Golda Meir was Israel's prime minister during the Yom Kippur war. She was an ardent Zionist, who became known as the Iron Lady long before the term was applied to Margaret Thatcher. The idea that she had a passionate love affair in the 1930s with a Palestinian banker seems far-fetched, even as a subject for fiction, but Selim Nassib takes the claim seriously in this slender, controversial novel.
Nassib is Lebanese by birth, although he lives in Paris. He began his writing career in journalism, and his two novels occupy the uneasy territory between fact and fiction. Nassib says he has "always" known about Meir's affair with Albert Pharoun, a wealthy Palestinian who lived in Beirut before abandoning wife and children to live in his birthplace, Haifa. The two cities are only three hours apart, underlining the fluid geography of the area in the 1920s, a period when both countries were still under colonial rule.
Nassib heard the story of the affair from his friend Fouad, Albert Pharoun's grandson. At first it seemed incredible, but Fouad's source was Pharoun's niece, who makes a brief appearance in the novel before being packed off to an unhappy marriage in Cairo. According to Nassib, Pharoun used to visit her and talk about Meir, who had ended the affair many years earlier but still seemed to him to be the love of his life.
That is how Nassib tells the story, in a series of short but intense chapters which present the lovers' encounters as both defiant and elemental. They take place against the background of Meir's involvement in the struggle to found the state of Israel, which the apolitical Pharoun regards for much of the novel as an unrealisable dream. Living in self-imposed exile from his family, he is "a man without society, without a past" - an observer of turbulent events.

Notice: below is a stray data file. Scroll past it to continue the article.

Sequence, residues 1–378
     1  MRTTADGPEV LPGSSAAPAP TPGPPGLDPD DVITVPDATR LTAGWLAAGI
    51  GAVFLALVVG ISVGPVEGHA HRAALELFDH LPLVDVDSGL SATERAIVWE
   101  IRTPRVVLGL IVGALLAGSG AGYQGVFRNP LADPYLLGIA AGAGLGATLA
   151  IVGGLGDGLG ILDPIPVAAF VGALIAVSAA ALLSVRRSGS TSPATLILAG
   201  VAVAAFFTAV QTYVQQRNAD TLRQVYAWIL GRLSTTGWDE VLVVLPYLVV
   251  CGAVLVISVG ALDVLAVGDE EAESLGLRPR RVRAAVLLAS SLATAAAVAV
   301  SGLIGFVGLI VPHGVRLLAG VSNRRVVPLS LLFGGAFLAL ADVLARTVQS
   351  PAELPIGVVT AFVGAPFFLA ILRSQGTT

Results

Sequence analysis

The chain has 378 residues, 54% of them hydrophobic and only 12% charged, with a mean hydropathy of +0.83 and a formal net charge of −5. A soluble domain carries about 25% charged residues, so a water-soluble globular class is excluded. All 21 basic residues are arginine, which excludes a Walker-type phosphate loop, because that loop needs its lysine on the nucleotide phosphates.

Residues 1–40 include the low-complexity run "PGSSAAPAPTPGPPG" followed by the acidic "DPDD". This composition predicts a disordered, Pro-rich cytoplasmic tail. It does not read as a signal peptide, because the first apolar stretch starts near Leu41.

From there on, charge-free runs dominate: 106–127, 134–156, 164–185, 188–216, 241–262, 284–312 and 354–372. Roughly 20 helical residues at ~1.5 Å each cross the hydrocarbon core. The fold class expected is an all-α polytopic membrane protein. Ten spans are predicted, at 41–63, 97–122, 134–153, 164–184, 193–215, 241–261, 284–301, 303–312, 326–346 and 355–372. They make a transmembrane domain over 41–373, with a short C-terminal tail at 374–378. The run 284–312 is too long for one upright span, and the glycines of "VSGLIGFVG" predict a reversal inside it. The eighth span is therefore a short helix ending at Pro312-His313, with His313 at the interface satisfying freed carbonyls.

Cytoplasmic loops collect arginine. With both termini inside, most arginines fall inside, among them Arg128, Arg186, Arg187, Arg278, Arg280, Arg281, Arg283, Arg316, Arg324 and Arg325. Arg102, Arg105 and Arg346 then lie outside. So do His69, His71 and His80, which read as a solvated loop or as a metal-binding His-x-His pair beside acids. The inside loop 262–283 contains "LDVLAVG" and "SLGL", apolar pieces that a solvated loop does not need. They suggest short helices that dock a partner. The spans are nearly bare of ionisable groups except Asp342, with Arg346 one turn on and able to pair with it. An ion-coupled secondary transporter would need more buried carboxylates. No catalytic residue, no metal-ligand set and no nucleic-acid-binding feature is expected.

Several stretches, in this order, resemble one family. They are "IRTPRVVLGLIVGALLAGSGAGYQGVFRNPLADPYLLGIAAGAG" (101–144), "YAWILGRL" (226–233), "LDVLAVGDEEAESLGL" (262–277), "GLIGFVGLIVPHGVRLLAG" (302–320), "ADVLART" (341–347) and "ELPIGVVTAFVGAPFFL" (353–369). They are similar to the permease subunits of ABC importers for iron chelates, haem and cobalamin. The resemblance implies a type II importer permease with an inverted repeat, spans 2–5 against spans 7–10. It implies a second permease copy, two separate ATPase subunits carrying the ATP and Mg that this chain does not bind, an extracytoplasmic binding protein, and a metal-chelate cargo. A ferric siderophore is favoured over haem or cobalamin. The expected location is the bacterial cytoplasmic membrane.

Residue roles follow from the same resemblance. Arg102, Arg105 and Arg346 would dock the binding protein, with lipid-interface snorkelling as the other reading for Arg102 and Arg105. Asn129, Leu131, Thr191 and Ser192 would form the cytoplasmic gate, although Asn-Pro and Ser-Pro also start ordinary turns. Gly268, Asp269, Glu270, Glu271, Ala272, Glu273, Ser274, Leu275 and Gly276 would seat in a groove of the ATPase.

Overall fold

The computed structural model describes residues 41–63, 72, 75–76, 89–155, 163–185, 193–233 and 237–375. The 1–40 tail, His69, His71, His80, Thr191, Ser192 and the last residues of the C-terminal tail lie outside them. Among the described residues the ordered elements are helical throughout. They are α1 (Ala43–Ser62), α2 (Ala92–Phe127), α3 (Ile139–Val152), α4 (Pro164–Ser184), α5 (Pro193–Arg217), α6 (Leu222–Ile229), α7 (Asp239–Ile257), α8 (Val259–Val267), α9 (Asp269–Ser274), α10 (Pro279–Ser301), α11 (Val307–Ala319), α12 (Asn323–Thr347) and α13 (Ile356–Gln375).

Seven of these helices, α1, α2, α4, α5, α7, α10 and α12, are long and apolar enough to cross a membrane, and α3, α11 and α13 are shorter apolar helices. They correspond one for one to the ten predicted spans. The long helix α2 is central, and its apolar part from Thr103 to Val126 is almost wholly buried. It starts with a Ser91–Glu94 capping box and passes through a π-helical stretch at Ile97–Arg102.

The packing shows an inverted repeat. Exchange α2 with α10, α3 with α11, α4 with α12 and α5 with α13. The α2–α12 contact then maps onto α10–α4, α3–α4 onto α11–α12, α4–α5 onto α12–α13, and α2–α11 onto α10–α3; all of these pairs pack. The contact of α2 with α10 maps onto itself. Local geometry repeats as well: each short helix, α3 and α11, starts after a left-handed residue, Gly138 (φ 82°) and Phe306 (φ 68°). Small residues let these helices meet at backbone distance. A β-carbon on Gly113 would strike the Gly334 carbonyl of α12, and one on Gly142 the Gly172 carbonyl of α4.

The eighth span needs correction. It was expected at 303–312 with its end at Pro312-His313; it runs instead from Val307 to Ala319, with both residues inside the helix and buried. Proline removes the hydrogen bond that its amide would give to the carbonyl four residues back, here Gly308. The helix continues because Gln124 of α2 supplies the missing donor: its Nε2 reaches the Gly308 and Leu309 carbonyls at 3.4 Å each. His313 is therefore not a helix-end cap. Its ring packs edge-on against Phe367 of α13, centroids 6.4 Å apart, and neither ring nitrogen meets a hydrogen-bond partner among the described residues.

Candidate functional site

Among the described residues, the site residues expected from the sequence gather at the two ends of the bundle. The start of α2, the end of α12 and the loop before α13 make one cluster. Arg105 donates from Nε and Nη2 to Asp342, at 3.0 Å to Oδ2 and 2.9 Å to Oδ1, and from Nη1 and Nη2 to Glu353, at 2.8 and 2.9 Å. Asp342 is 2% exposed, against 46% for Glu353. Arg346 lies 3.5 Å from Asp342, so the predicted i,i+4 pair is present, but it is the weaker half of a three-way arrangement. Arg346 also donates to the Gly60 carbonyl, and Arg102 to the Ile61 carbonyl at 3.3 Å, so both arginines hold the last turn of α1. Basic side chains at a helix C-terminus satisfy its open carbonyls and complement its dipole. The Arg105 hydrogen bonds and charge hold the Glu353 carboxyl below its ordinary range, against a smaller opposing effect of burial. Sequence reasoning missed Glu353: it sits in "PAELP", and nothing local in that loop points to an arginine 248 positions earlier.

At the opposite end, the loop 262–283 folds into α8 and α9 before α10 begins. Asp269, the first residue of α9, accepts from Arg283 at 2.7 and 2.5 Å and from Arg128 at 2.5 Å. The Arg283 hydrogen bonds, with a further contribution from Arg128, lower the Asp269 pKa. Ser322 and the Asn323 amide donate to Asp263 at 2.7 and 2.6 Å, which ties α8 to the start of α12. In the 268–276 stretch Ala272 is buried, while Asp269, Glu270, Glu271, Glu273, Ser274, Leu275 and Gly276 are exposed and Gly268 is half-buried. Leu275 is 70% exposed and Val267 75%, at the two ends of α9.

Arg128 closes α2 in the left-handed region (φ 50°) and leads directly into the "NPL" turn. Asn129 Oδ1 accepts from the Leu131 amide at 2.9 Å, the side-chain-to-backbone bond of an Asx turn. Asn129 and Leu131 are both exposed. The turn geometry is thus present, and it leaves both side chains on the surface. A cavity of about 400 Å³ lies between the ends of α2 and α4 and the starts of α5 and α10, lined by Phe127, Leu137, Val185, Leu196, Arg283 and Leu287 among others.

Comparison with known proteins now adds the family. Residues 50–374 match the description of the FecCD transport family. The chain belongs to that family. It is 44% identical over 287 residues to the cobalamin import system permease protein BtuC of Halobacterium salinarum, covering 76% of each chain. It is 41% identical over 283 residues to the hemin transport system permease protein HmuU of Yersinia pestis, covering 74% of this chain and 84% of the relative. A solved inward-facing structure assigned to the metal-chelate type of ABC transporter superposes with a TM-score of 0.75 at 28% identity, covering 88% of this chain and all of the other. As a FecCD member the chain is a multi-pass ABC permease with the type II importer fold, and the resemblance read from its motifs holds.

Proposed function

In that sense, he calls to mind Ahmed Rami, the poet who wrote lyrics for the great Egyptian singer Om Kalthoum, and the narrator of Nassib's earlier novel, I Loved You For Your Voice. Nassib's fictional Rami has him hopelessly in love with the singer, who rose from a conservative Bedouin background (at the beginning of her career, she had to disguise herself as a boy) to become the leading artist of the Arab world.
Both novels have a tremendous sense of place, and one of the achievements of The Palestinian Lover is its vivid portrait of Palestine in the 1920s and 1930s. While the novel inevitably raises questions about the morality of turning real people into fictional characters, Nassib writes with regret about a period when Jews and Arabs lived without mutual hostility; he is unhappy about Zionism, but sees it as one of several competing factors - including Palestine's British rulers, whose policies lead to a series of disastrous conflicts.
It could be argued that Nassib's underlying theme, here and in his book about Om Kalthoum, is the conflict between tradition and modernity. In both books, the modern world is represented by extraordinary women, while the upholders of old values are men who fail to understand how fast the world is changing. Nassib's lush romanticism conceals a humanist message which challenges conventional assumptions about the Middle East conflict.
by Joan Smith